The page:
Image credit: Dr Marco J Haenssgen
GSD researcher Marco J Haenssgen, Giacomo Zanello (University of Reading), and Nutcha Charoenboon (University of Bristol) have released a new paper in the prestigious journal World Development. Analysing health behaviours in rural Thailand and Laos, the researchers highlight the complexities of technological change and caution against over-enthusiastic medical interventions that aim to promote health through mobile phones.
The rapid spread of mobile phones worldwide has sparked excitement about the development potential of mobile technology in low- and middle-income countries. The industry group Groupe Speciale Mobile Association (GSMA)* currently lists more than 1,000 health-related mobile phone interventions worldwide. The researchers found that, after excluding other factors that influence patients’ healthcare access, poor people tended to indeed benefit both from phones and from support among their families and friends. In the poorest segments of the rural populations, phone users were in fact 84% more likely to access public healthcare, while people receiving support from their families and friends were 105% more likely than poor villagers without such assistance. However, in general, patients who used phones were also significantly less likely to be poor.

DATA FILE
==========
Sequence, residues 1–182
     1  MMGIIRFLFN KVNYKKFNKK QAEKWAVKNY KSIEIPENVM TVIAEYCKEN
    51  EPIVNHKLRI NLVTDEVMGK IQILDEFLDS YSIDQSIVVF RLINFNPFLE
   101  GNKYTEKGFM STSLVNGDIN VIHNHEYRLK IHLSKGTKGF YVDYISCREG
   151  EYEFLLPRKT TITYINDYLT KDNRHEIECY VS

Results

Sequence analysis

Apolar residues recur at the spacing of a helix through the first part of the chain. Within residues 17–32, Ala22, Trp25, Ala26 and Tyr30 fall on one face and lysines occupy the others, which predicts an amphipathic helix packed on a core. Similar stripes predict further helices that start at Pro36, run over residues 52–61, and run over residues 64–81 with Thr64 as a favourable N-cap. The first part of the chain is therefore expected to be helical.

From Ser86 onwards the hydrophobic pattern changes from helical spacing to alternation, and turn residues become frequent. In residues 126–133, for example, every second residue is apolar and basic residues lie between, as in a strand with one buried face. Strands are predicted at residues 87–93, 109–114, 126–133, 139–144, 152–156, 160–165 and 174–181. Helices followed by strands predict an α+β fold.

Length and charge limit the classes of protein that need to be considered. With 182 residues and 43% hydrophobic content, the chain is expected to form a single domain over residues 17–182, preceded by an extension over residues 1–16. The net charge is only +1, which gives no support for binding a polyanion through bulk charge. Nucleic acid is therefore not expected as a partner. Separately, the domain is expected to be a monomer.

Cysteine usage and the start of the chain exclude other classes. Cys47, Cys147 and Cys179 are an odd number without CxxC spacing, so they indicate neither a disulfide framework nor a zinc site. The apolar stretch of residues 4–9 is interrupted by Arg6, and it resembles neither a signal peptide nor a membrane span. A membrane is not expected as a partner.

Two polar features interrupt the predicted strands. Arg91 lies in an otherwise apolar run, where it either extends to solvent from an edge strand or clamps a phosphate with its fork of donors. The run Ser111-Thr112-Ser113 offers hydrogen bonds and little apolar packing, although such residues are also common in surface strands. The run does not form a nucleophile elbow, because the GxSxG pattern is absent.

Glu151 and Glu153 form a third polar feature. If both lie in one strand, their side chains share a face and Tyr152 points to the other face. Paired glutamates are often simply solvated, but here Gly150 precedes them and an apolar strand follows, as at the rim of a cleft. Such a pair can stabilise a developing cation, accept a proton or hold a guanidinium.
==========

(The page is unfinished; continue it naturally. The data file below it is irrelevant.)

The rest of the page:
Lead author Dr Haenssgen explains that, “We need to change the medical narrative and stop pretending that mobile phones will automatically make healthcare more inclusive. They certainly have the potential to be vehicles for helpful interventions, but we also need to understand and appreciate the ways in which they consistently create new divisions, especially among poor people in developing countries – who are often the primary target group of such health interventions.”
The researchers collected representative survey data from 2,141 villagers in northern Thailand and southern Laos.
Want to analyse the data yourself? The survey data set is freely available at the UK Data Service here.
Haenssgen, MJ, Charoenboon, N & Zanello, G. (2021). You've got a friend in me: how social networks and mobile phones facilitate healthcare access among marginalised groups in rural Thailand and Lao PDR. World Development, 137: 105156. doi: 10.1016/j.worlddev.2020.105156
"We need to change the medical narrative and stop pretending that mobile phones will automatically make healthcare more inclusive." New research led by @HaenssgenJ of @WarwickGSD challenges conventional thinking on access to rural healthcare. Read more: https://t.co/5uG416XKr8 pic.twitter.com/WlDk8oELDr— Warwick Newsroom (@warwicknewsroom) September 24, 2020